In this article we describe icmake from the point of view of its users. The organization of the software, the grammar of icmake files, icmake-scripts and -to start with-the way to obtain icmake is described in the remainder of this article. At the end some illustrative examples of icmake-scripts are given.
Icmake can be obtained by anonymous ftp from the site beatrix.icce.rug.nl, where it is found in the directory pub/unix.
The package consists of an archive, usually in the form icmake-X.XX.tar.gz, where the current version of icmake is denoted by X.XX. This archive contains a tarred and gzipped directory structure, in which the source files for icmake (and the executable programs for MS-DOS) can be found. Also at beatrix.icce.rug.nl the file icmake.doc can be be found, which is a guide to the installation of icmake. This latter file is especially useful for UNIX installations.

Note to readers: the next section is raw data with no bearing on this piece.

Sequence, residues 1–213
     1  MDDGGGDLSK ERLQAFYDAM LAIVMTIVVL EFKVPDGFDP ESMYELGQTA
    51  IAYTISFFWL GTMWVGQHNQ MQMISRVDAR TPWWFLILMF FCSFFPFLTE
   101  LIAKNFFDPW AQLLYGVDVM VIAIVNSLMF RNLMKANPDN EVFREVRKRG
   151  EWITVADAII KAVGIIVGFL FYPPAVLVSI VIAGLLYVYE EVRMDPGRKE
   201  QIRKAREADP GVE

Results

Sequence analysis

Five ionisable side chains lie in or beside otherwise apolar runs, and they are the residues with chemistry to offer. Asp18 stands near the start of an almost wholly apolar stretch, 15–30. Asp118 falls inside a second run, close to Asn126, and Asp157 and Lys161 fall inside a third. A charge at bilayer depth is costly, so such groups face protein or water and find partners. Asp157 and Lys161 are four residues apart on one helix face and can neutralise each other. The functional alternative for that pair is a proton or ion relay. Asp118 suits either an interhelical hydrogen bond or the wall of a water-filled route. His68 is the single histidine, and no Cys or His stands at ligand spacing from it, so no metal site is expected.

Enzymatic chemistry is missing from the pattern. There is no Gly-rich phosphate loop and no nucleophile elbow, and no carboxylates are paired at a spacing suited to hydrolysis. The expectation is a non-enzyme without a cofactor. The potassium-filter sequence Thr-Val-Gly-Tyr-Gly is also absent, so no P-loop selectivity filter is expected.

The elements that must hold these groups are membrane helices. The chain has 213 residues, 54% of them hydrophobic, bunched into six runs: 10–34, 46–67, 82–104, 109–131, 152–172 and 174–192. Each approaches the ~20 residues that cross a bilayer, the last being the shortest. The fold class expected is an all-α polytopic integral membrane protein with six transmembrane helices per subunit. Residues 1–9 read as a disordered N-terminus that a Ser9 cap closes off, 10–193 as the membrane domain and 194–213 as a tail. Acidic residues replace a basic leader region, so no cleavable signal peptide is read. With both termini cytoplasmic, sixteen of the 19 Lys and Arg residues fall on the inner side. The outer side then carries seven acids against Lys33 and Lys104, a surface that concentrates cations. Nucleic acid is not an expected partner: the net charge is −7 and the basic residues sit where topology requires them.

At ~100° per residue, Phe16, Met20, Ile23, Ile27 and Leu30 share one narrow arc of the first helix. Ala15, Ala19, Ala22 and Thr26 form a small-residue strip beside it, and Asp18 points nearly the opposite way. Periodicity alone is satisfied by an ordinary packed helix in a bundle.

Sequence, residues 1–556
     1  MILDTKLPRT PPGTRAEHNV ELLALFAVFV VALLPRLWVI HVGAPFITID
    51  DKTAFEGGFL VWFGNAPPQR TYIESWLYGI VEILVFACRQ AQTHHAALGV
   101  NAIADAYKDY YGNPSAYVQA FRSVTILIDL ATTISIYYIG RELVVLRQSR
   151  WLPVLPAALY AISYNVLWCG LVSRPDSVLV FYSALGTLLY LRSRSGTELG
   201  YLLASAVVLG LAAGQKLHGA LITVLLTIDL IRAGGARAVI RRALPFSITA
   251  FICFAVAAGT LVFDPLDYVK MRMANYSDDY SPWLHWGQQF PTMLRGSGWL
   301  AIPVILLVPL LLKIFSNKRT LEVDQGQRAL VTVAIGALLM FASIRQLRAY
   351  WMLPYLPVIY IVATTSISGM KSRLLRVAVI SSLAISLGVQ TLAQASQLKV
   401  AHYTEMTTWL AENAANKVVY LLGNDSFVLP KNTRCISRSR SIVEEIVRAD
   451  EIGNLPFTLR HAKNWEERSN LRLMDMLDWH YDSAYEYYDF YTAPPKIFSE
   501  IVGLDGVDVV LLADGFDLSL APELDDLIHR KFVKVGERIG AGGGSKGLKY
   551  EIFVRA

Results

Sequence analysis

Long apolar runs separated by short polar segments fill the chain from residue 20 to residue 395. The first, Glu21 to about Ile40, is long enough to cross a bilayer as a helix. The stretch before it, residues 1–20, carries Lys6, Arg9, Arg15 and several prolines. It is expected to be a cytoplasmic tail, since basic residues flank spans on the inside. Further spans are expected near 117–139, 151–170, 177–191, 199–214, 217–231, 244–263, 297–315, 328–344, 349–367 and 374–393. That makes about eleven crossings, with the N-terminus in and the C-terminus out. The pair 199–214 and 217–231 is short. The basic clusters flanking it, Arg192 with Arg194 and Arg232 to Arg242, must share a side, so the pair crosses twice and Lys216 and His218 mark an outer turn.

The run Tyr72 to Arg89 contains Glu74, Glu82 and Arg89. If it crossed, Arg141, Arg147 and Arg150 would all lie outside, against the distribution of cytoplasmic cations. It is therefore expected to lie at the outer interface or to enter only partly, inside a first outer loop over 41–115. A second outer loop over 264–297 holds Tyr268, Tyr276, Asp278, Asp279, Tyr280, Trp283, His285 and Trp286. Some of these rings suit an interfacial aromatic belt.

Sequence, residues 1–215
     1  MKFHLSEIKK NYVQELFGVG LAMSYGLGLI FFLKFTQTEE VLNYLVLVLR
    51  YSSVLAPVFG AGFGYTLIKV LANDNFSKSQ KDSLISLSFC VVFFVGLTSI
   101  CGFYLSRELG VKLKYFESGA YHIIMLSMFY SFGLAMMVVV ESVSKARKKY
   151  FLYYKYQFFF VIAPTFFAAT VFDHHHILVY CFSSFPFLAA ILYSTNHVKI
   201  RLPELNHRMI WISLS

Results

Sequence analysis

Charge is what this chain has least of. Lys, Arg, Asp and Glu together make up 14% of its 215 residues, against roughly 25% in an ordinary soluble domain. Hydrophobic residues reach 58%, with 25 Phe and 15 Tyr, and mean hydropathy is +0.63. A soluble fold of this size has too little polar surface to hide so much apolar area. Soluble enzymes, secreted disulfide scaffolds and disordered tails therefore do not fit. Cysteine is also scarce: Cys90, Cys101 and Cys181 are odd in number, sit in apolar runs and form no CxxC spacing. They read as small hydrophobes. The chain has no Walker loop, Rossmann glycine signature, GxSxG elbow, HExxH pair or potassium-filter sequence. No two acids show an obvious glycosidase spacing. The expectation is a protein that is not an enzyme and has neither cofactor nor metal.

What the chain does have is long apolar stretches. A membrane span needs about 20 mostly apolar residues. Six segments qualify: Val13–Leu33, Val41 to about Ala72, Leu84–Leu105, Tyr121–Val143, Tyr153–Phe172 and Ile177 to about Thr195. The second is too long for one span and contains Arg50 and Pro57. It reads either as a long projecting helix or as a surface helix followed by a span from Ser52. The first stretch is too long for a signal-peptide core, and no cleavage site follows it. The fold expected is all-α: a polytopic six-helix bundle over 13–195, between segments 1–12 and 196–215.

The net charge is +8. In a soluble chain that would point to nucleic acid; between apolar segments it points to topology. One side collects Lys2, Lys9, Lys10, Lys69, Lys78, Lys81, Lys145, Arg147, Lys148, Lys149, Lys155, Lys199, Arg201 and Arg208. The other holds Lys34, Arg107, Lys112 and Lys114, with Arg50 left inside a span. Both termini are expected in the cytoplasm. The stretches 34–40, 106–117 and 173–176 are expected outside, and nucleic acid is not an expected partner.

Alternatively, icmake can also be found at tsx-11.mit.edu, where it is part of the Linux Operating System distribution. At tsx-11.mit.edu the icmake-files are usually located in pub/linux/sources/usr.bin.
Apart from the source-distribution and the installation guide there is a icmake.dvi file available at beatrix.icce.rug.nl describing icmake in somewhat more detail than is possible in this article. Also, a postscript version (icmake.ps) of the documentation is available.
Icmake consists of five programs. One program is a nitor program, monitoring the construction and execution of an icmake file. The monitor program may call an icmake preprocessor, an icmake compiler and an icmake executor. A fifth program is the icmake unassembler, showing the code generated by the icmake compiler in a human-readable form.